Birth-Third Alignment in Somerville and Springfield

Honey
Somerville Family Learning Center’s Honey Schnapp introducing the theme, Using Play to Meet Standards

The Kindergarten Readiness Group in Somerville. Somerville’s Alignment Partnership is managed by the Somerville Public Schools and an Alignment Advisory Group that includes members from different public and private agencies. The group has hired Suzanne Gibbons as the coordinator of the Alignment Partnership’s activities. After an intensive period of analysis and planning at the beginning of the grant, the alignment group homed in on a literacy focus and four primary strategies: the kindergarten readiness group, a pilot literacy coaching project involving eight preschool classrooms (plus a language and literacy course for an additional 20 teachers), training for community-based providers in Teaching Strategies Gold assessment, and an informational website for families.

The Kindergarten Readiness Group was formed last spring and set about establishing relationships and a forum for communication and collaboration by exploring similarities and differences between prekindergarten and kindergarten. After an introductory meeting, the members conducted hour-long cross-site visits, with community-based preschool teachers visiting public school classrooms and public school teachers visiting community-based classrooms. The members then met to debrief on their experiences and impressions, finding many more similarities than differences. They also worked on developing a transition form to be used by preschool teachers across the city to provide information on their rising students to kindergarten teachers. In the eyes of many participants, these meetings established a climate of trust and an eagerness to continue working together. The partnership’s organizers saw in the Kindergarten Readiness Group an opportunity to address an emerging focus on literacy during the 2013–14 academic year. They planned a series of four meetings for 2013-14, focusing on two related topics: (1) aligning and meeting standards and (2) incorporating play, choice, hands-on activities, and inquiry in student learning experiences. The organizers summarize this year’s theme as Using Play to Meet Standards.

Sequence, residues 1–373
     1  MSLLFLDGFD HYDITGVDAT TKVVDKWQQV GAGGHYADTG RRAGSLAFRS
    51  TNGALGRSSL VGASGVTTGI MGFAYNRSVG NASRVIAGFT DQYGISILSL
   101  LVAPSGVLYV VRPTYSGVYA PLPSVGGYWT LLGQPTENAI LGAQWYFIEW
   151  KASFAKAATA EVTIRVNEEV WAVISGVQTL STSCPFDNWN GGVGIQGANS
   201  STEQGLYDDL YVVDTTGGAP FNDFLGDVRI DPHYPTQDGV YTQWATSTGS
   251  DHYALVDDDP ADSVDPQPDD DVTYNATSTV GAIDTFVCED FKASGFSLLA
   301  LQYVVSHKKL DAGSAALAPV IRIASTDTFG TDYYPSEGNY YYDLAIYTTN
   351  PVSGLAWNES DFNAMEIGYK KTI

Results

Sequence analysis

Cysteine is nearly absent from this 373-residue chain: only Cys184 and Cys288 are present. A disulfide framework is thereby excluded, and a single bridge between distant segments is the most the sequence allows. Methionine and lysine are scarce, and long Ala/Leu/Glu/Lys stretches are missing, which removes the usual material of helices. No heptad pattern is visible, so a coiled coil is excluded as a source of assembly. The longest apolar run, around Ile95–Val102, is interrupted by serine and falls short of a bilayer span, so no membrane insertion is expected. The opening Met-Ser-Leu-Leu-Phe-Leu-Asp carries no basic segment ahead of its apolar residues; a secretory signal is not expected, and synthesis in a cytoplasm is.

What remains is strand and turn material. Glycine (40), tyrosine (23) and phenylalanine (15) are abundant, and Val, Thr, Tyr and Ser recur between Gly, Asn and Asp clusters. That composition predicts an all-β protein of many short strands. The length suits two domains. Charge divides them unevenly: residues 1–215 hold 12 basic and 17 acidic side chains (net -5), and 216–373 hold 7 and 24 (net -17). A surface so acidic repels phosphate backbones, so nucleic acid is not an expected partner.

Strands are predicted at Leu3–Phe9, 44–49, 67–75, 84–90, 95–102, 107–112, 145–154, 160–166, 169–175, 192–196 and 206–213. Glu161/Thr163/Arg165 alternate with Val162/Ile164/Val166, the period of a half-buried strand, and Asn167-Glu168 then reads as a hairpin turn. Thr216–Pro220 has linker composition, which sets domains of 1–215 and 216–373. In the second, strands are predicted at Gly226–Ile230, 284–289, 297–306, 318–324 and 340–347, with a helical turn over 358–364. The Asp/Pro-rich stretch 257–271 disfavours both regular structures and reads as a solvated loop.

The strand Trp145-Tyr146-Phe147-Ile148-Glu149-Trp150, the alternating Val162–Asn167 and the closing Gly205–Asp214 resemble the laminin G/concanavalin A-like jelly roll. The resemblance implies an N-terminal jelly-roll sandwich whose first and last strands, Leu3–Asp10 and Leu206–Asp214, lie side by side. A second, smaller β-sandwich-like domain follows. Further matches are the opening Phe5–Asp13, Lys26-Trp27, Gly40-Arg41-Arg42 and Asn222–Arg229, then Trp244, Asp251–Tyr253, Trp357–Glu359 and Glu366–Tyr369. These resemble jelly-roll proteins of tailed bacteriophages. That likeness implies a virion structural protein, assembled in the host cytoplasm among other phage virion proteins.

Special Note: See Catherine Tighe’s article in the Huffington Post, The Common Core in My Classroom: A Teacher’s View. Catherine teaches Kindergarten in Somerville and is a member of the Kindergarten Readiness Group.

Springfield’s Birth through Grade Three Professional Learning Community. The preschool provider, Square One, is the lead partner and fiscal agent of Springfield’s Alignment Partnership. Square One has assembled a “Leadership Steering Committee” to guide the work of the Alignment Partnership and has hired Cindy Recoulle as the project coordinator and Joan Paris as the project consultant. The Springfield partnership has developed a strategy centered on selecting a community-wide preschool curriculum and identifying standards to focus on across public and private settings, including common developmental domains in Teaching Strategies Gold and shared social-emotional standards. The partnership will provide professional development and outreach around these domains and standards (including through the PLC meetings), identify common formative assessments to use across preschool settings, expand teacher-to-teacher observations, and share kindergarten assessment data with pre-kindergarten providers. Springfield summarizes its strategy under three categories: Curricular and Assessment Alignment, Teacher and Adult Caregiver Capacity and Quality, and Data Use and Strategic Planning.

Discussing data in a Springfield PLC meeting
Discussing data in a Springfield PLC meeting

With its Professional Learning Community (PLC) meetings, Springfield is reviving a structure the community first established during the 2010-11 academic year as part of a grant funded by the ESE (the Department of Elementary and Secondary Education). During that year, three local partnerships were formed, each consisting of an elementary school and community-based providers, including YMCA preschools and Head Start programs. In addition to shared professional development workshops, the partnerships conducted cross-site instructional learning walks. As in Somerville, the participants identified more similarities than differences, and according to both organizers and participants these meetings established relationships and built trust. Over time the group added more structure and focus to the learning walks, developing a reflection form and checklist and targeting oral language development and how teachers facilitated transitions from activity to activity. Due to funding and leadership changes, Springfield had to suspend the meetings after the 2010-11 year, but the group’s leaders have been eager to re-establish the PLC through the EEC Alignment Partnerships. (For more information on Springfield’s public/private collaboration, see Improving the Early Years of Education in Massachusetts, p. 39.)

Next Week: The what and why of joint professional development and learning from Somerville’s and Springfield’s efforts thus far.

This post was completed as part of a contract between the MA Department of Early Education and Care and Cambridge Education (where David Jacobson worked at the time). Contract # CT EEC 0900 FY13SRF130109CAMBRID.